Had Your Dog Since 12? Keep Your Old Dog Healthy as They Grow With You - Okoa Pet
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Had Your Dog Since 12? Keep Your Old Dog Healthy as They Grow With You

Let’s say you’ve had your dog since you were twelve. Throughout high school and college, he or she was your companion, your confidant. You’re all grown up now, and your dog is getting older and showing signs of slowing down. While your fur baby could have another several years of life left, there are some things you can do for senior dogs to make their golden years enjoyable. Read on for tips on how to keep your old dog healthy.

Age Is Both a Number and a Way of Life

A dog that is at least seven years old is considered a senior. There is a lot of truth to the notion that age is just a number. However, it is also a way of life. You should not consider your dog “too old” for activities and experiences. But you should be mindful of the critical considerations that need to be made for aging dogs, such as:

1. Be sure to continue regular veterinary care. 

Most senior dogs require a check-up every six months or so, including evaluations of their nutritional needs and dental health monitoring. 

2. Don’t assume that every change you see in your dog results from old age. 

If you see any changes in his or her body, behavior, or mental state, it is worth it for both your peace of mind and your dog’s health to have him or her evaluated by a vet.

3. Continue to provide your senior dog with ample exercise. 

It will help to prevent stiff joints. It will also stave off obesity, which can cause many health problems for your pet. Unfortunately, obesity is all too common in dogs and is the leading cause of disease. In addition, exercise such as walking can provide mental stimulation that can stave off boredom and alleviate anxiety.  It’s no secret that dogs love to play and be active. However, the duration of the exercise you give your dog can decline as your dog ages. Care should be taken to avoid overdoing activity, as this can increase joint stiffness for dogs dealing with arthritis, hip dysplasia, and other common ailments that come with age.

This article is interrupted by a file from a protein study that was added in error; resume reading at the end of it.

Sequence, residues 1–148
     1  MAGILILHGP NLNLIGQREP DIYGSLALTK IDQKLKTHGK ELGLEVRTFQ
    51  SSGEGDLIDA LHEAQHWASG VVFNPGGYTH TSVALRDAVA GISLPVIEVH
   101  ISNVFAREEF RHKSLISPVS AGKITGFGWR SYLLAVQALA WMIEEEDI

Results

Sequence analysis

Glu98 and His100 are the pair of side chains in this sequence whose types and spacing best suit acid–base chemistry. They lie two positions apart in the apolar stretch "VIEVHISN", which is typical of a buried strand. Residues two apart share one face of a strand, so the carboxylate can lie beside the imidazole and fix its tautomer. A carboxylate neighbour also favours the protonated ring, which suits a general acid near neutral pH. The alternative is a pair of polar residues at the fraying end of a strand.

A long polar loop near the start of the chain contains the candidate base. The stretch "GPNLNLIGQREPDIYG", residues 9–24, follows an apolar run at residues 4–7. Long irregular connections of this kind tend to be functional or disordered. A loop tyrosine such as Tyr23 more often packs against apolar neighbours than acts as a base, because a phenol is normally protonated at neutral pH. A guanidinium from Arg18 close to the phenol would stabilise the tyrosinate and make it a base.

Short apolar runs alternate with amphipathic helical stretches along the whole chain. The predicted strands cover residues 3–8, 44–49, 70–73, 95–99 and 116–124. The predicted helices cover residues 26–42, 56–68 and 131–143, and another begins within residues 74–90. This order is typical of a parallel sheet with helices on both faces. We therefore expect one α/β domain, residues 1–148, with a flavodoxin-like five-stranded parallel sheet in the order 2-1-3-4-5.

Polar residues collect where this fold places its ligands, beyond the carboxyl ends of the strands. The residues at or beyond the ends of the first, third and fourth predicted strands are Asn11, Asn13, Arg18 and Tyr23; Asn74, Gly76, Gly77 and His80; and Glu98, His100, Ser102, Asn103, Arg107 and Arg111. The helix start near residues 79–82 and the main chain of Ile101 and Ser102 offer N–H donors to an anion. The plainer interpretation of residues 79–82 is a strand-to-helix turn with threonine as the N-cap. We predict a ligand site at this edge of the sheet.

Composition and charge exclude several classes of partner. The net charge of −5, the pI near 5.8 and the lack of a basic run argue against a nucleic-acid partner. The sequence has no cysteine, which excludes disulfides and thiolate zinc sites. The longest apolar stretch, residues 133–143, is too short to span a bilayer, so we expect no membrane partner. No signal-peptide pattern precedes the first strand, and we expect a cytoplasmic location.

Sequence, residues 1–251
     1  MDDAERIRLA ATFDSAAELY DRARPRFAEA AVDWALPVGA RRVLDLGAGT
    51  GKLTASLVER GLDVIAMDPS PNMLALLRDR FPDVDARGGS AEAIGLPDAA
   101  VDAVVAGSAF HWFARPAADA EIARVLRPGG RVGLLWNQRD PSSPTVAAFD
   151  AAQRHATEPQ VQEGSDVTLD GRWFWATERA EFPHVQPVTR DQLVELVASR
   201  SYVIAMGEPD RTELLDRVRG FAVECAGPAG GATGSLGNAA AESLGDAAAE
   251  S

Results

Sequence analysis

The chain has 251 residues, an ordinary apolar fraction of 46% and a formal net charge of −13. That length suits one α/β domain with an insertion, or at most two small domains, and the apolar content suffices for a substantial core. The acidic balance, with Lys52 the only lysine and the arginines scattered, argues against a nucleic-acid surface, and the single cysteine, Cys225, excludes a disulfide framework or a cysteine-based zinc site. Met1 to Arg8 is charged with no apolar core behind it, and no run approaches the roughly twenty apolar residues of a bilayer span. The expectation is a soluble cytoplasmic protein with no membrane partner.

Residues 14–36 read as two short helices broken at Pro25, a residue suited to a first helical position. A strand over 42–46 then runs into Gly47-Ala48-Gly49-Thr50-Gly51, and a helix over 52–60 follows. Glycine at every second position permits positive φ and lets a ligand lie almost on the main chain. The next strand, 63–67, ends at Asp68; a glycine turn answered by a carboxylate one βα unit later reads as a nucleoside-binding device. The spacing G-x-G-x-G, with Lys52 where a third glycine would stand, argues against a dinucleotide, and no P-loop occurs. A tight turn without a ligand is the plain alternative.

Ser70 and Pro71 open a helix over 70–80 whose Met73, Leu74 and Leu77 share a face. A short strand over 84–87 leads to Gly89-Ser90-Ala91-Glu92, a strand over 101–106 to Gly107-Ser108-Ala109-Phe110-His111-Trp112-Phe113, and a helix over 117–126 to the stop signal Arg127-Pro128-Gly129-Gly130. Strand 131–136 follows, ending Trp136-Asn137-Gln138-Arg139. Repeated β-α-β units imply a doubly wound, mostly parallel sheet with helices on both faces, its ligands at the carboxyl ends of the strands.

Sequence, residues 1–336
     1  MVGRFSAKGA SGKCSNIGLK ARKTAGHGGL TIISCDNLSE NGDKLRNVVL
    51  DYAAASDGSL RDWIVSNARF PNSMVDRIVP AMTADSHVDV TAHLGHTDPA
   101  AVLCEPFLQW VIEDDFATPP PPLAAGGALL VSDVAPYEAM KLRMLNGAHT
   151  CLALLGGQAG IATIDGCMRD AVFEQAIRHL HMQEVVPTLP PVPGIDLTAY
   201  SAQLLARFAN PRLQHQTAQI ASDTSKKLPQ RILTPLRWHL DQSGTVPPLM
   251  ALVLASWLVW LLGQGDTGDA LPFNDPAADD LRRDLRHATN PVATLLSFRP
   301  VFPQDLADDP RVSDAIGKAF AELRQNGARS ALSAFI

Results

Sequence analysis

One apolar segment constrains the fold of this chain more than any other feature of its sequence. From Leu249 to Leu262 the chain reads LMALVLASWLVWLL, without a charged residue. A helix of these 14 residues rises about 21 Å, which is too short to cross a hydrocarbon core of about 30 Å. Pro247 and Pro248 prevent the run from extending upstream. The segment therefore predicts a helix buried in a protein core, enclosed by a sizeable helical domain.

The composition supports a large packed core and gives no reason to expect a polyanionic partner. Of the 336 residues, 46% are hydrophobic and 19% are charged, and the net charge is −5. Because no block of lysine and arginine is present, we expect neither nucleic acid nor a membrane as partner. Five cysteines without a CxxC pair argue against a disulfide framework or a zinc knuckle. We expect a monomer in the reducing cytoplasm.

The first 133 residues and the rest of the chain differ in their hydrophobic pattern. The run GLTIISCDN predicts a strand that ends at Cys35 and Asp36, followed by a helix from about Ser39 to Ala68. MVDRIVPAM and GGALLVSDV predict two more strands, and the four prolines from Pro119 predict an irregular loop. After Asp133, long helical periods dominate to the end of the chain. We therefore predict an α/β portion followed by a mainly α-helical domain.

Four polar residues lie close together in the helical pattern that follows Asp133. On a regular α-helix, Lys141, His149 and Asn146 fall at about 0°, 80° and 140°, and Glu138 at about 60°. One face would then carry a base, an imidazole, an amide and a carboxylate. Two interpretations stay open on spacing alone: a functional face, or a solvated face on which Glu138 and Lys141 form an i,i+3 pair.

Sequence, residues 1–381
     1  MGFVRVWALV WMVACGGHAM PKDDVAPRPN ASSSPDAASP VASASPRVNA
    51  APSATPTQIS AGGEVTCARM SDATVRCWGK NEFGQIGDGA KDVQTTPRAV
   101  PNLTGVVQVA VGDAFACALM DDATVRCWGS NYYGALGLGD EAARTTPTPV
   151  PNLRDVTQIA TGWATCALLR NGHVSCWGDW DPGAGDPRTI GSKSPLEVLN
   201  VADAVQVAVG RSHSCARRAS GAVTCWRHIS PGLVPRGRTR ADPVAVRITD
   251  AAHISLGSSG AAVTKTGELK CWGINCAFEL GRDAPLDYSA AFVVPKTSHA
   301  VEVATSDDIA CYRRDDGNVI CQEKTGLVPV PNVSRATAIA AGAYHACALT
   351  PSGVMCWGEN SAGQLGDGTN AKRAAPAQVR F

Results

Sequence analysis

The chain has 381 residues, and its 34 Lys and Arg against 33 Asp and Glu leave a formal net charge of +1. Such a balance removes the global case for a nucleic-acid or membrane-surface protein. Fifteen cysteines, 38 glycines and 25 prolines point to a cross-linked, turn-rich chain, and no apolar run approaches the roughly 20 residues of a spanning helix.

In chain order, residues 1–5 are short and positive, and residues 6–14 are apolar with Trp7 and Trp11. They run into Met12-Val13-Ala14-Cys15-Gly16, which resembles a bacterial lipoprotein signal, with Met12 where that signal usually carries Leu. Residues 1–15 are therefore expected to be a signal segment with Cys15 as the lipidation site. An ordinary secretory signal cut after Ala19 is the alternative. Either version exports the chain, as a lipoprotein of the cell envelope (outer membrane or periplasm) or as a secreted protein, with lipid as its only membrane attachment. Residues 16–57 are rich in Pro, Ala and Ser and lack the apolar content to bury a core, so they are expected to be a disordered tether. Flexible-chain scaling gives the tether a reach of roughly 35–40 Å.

4. Watch your dog’s diet. 

As they age, dogs require around 20 percent fewer calories than they did in their younger years — or even fewer if the dog’s activity has also slowed down.

Your dog may also require additional nutrients as he or she ages. There are many healthy dog foods specially formulated for the needs of senior dogs. Talk to your vet about your dog’s dietary needs. 

5. Supplements are available that can help keep your dog healthy and mobile. 

Supplements are a great way to support your pup’s health and wellness as they age. Depending on your concern, most supplements are formulated to address specific concerns, including stress, joint health, mobility, digestive and immune health. When choosing a supplement brand, here are essential criteria to keep in mind:

  • Made in the USA with US-sourced ingredients.
  • Veterinarian-formulated.
  • Manufactured in facilities certified for good manufacturing practices.
  • Formulated specifically for pets. Human supplements can contain additives that are dangerous to pets.

It’s a good idea to ask your vet about the types of supplements available for senior dogs, the benefits of those supplements, and which ones they recommend.